Defense Date


Graduation Date

Spring 5-5-2023


Immediate Access

Submission Type


Degree Name





McAnulty College and Graduate School of Liberal Arts

Committee Chair

Daniel Scheid

Committee Member

Anna Floerke Scheid

Committee Member

William M. Wright IV


interreligious, theology of religions, video games, play, anime, comic books, graphic novels, Xenogears, Dragonball, Ubuntu


How can a Christian theology of religions navigate the interreligious dialogical problems of 1) the inability to fully articulate faith, 2) the lack of persuasive religious language, 3) the reality of violence among religions, and 4) the liquescent “truth” of modern times? This dissertation answers this question with a theology of religions considered through the lens of play theology. Contestant theology navigates these problems as 1) a space of cooperation and contest which 2) incorporates assertiveness (exclusivism), compassion (inclusivism), openness (pluralism) and free participation (Trinitarianism) to 3) hold together enriching and diminishing relationalities among diverse religious peoples with a view toward 4) affirming God’s glory and humanity’s goodness in traditional and surprising contexts.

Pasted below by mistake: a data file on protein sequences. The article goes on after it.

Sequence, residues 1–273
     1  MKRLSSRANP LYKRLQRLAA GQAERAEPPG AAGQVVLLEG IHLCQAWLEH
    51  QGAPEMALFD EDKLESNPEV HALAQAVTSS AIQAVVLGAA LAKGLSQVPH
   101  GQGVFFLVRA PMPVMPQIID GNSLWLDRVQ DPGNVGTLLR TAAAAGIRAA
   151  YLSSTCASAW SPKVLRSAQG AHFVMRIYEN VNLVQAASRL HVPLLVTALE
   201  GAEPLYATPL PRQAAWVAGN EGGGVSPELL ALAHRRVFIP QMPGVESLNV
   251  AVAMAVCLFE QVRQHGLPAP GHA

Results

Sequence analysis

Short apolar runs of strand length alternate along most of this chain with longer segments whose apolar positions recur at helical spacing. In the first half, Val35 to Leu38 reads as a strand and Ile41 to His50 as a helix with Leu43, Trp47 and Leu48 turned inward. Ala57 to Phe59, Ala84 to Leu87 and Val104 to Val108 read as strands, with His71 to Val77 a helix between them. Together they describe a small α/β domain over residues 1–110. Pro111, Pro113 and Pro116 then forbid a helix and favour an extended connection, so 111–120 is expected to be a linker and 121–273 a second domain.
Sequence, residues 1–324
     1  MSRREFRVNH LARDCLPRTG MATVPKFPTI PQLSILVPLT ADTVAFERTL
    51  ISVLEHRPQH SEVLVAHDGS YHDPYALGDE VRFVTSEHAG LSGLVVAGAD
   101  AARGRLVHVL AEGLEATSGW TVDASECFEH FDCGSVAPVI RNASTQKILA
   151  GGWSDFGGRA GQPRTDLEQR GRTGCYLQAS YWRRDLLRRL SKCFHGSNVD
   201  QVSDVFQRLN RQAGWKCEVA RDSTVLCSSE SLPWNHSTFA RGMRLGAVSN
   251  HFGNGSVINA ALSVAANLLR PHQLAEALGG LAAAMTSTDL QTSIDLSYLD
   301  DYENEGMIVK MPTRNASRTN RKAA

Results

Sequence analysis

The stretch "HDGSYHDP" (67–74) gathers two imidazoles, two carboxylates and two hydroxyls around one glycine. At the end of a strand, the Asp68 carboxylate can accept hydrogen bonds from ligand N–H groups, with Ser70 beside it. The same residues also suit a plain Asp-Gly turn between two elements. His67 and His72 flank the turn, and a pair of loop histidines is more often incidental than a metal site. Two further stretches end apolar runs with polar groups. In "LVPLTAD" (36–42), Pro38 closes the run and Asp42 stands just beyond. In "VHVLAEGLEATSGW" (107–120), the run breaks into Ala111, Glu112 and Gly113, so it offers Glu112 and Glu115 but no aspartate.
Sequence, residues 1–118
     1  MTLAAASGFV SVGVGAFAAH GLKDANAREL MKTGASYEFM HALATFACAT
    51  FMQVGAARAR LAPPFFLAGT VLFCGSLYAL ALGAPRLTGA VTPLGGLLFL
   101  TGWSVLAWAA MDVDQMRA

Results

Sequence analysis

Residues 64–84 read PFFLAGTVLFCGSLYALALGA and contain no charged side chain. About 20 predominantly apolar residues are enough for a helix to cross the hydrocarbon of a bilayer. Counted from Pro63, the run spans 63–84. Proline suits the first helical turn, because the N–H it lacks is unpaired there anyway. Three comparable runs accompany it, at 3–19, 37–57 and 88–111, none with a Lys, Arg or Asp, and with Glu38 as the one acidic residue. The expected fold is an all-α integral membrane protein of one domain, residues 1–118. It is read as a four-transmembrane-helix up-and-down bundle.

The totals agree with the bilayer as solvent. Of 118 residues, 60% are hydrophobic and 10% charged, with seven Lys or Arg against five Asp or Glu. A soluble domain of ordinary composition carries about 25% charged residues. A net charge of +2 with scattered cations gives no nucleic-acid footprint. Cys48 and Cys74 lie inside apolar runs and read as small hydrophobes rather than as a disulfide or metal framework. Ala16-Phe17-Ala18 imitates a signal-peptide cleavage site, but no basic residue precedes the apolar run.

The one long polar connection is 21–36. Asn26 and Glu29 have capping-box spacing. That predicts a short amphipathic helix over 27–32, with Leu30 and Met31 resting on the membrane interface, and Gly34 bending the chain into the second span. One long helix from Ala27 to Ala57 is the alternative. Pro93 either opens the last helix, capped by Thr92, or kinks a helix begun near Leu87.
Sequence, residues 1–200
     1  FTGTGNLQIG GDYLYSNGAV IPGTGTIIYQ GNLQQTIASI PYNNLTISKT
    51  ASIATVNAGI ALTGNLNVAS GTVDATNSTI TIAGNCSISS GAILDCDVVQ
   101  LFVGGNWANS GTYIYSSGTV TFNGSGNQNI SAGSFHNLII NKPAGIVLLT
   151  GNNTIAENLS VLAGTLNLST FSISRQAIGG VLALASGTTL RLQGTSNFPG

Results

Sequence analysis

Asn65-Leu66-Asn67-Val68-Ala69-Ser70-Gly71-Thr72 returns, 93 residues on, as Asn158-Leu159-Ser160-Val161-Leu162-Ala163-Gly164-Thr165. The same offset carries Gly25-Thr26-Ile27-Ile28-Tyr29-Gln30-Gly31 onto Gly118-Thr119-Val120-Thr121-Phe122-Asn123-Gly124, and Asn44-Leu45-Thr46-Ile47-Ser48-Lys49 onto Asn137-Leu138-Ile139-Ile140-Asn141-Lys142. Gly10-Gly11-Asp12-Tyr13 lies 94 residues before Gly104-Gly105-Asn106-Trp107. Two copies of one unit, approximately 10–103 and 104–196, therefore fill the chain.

The methodology of contestant theology is a mixture of biblio-theological, religious, and popular culture studies that is grounded in the five movements of Paul’s speech to the Athenians in Acts 17:28. The first movement (“in God”) considers the “serious” theologies of religion, whose “dead” seriousness encounters dialogical problems. The second movement (“we live”) grounds play theology’s “revival” of the Christian thought-world, spirituality, relationality, and epistemology from the “dead” seriousness that hinders the Christian response to the interreligious encounter. The third movement (“and move”) grounds the vision of “breathing with” other religions; the fourth movement (“and have our being”) grounds the practices in which this “conspiring” occurs. The fifth movement (“For we too are his offspring”) grounds the relationality of simultaneously pulling at and moving with other religions according to the wind of the Spirit, who “breathes where [God] will” (John 3:8). These movements of contestant theology prevent any religion from dominating the earthly sphere of faith, by situating the interreligious encounter in the game that one wants to play forever – discovering one’s God-given self with the other, who is also discovering their God-given self.